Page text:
Tradition also puts diadectids like Orobates and Diadectes outside the Reptilia alongside other amphibians. The large reptile tree solves all such problems. The two clades, Diadectidae and Caseasauria, are close kin as it turns out. And the skull images bear this out, if you just ignore the lateral temporal fenestra, which is a trait that comes and goes with the Millerettidae, of which the caseasaurs are members.

Figure 1. The diadectid, Orobates, alonside the casesaurs, Oedaleops, Ennatosaurus and Casea.

Figure 1. The diadectid, Orobates, alonside the casesaurs, Oedaleops, Ennatosaurus and Casea. Boy they sure do look alike, overall and in several details save the lateral temporal fenestra. That used to be a big deal that falsely segregated taxa. Now it’s just another character trait. Part of the mix.

I hate it when a blind eye is turned to toward such relationships. Tradition trumps testing in most cases. That’s why I’m here… to encourage young free thinkers to test everything in the Reptilia to see if it matches tradition or the large reptile tree.

Both clades find a common ancestor close to Romeria primus and Concordia, two taxa known chiefly from skulls close to the the base of the new Lepidosauromorpha, Cephalerpeton and Captorhinidae.

As always, I encourage readers to see specimens, make observations and come to your own conclusions. Test. Test. And test again.

Evidence and support in the form of nexus, pdf and jpeg files will be sent to all who request additional data.

What is Saurorictus?

Saurorictus australis

Figure 1. Saurorictus australis reconstructed. The parietal, outlined in gray, is largely unknown. Click for more info.

Saurorictus australis
Captorhinids were basal lepidosauromorph reptiles that appeared in the Early Permian and evolved multiple tooth rows by the Late Permian.  Saurorictus (Modesto and Smith 2001) SAM PK-8666 was originally considered a late-surviving single-tooth row captorhinid that had “very slender marginal teeth” and reportedly lacked a supratemporal.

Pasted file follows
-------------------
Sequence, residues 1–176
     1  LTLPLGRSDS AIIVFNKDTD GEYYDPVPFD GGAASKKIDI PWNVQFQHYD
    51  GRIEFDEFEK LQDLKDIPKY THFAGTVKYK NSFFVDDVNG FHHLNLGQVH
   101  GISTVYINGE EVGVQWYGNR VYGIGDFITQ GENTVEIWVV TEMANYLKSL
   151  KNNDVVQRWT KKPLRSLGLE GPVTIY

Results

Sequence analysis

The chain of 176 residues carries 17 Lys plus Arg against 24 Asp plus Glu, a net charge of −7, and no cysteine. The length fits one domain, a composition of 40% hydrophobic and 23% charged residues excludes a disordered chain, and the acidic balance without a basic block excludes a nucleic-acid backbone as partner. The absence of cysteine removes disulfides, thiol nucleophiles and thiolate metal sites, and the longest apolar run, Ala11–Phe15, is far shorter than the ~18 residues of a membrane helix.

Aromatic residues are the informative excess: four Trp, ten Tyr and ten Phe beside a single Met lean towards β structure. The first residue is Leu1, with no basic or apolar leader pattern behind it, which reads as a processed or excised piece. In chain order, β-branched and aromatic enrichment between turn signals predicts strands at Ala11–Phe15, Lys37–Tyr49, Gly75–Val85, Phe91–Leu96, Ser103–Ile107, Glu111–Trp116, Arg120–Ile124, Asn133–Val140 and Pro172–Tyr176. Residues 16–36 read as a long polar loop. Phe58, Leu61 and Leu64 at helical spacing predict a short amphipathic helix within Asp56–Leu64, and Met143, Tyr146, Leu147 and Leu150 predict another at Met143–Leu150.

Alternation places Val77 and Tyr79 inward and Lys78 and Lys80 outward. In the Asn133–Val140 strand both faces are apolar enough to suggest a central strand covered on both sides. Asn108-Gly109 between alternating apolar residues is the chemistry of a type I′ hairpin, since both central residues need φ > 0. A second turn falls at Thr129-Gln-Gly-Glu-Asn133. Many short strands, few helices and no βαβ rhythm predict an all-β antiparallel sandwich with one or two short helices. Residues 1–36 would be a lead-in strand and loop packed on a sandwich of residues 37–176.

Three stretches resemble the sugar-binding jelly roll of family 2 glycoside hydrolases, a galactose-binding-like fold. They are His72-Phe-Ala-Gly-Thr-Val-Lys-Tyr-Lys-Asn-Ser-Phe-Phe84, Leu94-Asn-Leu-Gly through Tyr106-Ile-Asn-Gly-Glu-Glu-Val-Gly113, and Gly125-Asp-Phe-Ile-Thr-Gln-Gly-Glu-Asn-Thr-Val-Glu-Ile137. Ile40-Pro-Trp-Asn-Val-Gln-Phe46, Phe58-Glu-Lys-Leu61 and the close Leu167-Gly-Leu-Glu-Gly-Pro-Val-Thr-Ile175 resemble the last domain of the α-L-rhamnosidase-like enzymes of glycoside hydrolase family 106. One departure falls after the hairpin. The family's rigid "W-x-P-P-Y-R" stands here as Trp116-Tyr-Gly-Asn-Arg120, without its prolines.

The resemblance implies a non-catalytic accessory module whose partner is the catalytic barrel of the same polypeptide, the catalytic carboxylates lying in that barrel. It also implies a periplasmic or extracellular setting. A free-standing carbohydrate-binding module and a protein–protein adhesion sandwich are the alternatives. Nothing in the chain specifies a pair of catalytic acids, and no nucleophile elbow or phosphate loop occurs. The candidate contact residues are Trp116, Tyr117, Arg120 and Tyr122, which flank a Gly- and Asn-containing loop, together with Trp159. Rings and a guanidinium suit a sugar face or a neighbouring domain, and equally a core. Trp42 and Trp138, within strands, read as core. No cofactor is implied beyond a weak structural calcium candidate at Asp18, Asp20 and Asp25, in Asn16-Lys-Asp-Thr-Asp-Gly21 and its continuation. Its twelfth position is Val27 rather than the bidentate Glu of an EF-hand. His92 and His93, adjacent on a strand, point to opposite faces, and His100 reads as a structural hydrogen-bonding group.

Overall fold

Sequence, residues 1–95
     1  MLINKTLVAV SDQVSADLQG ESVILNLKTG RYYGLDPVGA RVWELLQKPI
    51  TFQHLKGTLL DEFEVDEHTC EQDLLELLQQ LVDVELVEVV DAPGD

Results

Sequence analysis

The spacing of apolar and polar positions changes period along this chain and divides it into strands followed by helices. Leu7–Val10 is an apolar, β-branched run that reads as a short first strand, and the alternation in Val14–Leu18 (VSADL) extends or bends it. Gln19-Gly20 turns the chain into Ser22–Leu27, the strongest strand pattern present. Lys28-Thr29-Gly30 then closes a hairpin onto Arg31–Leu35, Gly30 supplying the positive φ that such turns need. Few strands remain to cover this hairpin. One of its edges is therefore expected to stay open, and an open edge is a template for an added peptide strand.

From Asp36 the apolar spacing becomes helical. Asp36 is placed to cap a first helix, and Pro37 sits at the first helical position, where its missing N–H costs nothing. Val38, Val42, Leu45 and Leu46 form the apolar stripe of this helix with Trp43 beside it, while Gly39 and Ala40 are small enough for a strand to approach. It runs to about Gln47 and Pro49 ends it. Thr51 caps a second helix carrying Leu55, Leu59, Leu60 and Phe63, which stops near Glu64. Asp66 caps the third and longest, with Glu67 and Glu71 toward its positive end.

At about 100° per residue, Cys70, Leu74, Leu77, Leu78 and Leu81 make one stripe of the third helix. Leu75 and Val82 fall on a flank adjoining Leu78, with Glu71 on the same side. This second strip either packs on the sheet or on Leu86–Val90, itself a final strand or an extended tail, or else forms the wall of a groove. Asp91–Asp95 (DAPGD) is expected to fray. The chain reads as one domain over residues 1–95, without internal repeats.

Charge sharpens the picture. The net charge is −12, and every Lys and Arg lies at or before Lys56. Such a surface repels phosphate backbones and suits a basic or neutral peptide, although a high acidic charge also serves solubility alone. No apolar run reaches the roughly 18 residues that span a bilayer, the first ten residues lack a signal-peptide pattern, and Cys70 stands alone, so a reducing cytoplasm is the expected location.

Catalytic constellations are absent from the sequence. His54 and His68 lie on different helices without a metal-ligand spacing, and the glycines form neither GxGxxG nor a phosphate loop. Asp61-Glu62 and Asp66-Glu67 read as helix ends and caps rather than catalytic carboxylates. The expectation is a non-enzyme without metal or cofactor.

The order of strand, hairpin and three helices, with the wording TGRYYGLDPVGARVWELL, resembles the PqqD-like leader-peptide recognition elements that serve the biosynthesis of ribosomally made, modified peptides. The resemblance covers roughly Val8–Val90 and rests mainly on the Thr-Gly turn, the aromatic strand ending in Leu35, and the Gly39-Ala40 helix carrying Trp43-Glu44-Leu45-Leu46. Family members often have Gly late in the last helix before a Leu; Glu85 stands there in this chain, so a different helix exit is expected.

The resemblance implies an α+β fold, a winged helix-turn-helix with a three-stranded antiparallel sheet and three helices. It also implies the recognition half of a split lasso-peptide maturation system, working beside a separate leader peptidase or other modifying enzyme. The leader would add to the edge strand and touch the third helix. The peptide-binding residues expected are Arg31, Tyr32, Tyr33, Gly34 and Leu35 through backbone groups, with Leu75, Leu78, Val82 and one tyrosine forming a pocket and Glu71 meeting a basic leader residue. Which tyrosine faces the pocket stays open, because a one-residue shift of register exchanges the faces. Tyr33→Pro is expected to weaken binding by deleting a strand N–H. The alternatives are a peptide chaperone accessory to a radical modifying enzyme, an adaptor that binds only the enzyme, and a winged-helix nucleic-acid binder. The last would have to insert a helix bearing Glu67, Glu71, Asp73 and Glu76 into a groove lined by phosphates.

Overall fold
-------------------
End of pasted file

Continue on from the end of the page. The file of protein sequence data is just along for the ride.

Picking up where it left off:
Saurorictus, Macroleter and Lanthanosuchus

Figure 2. Saurorictus, Macroleter and Lanthanosuchus demonstrating the evolution of one to another and another of these three sister taxa. The derived sister taxon is Nyctiphruretus. An ancestor includes a sister to Orobates. The size increase is important.

A Larger Tree Nests Saurorictus Elsewhere
Here the large reptile tree nested Saurorictus with Lanthanosuchus and Macroleter, far from the captorhinids.  Like another sister, Nyctiphruretus, Saurorictus lacked an indented squamosal and lacked a lateral temporal fenestra. To move Saurorictus to the captorhinids requires an additional 17 steps. Saurorictus also nests between Stephanospondylus (which leads to turtles) and Nyctiphruretus (which leads to owenettids and lepidosauriformes). So this is a key taxon. And a tiny one!

The supratemporal in Saurorictus.

Figure 3. The supratemporal in Saurorictus (ST, in pink) was originally considered a part of the parietal which is reasonable given their paradigm that Saurorictus was a captorhinid.

Missing a Supratemporal? Maybe Not.
The worst preservation in SAM PK-8666 occurs on the skull roof. The parietal is barely present and the pineal opening is nowhere to be found. Just dorsal to the squamosal is a plate-like bone that Modesto and Smith (2001) considered a parietal lacking a supratemporal between it and the squamosal. The skull of Saurorictus does indeed resemble that of captorhinids in general. The supratemporal in captorhinids is a tiny splint of bone and such a bone is indeed missing. I added the Saurorictus data (lacking a supratemporal) to the large reptile tree and was surprised to see it nested with Lanthosuchus and Macroleter, taxa with a large, plate-like supratemporal. Now the lack of a supratemporal seemed to be a very odd autapomorphy. Reexamining the published image (Modesto and Smith 2001) of Saurorictus I realized that the corner of bone originally labeled as a parietal was a large and mislabeled plate-like supratemporal, matching sister taxa.

Lanthanosuchus nests with Macroleter and Saurorictus.

Figure 4. Saurorictus nests with Macroleter and Lanthanosuchus.

Different and Similar
At first it would appear odd that round-skulled Saurorictus should nest with the cantilevered skulls of Macroleter and Lanthanosuchus, but round-skulled Nyctiphruretus also nests nearby. Diadectes and Procolophon also nest nearby, but Orobates is a more basal sister that shares certain plesiomorphic traits with Saurorictus. Here, apparently, we’re seeing a small, simple, pleisomorphic taxon that gives rise to the various odder, more derived sisters.

As always, I encourage readers to see specimens, make observations and come to your own conclusions. Test. Test. And test again.

Evidence and support in the form of nexus, pdf and jpeg files will be sent to all who request additional data.

References
Modesto SP and Smith RMH 2001. A new Late Permian captorhinid reptile: a first record from the South African Karoo. Journal of Vertebrate Paleontology 21(3): 405–409.

The Heretical Procolophon + Diadectes Sisterhood

Procolophon and Diadectes compared

Why Didn’t Anybody See This Before?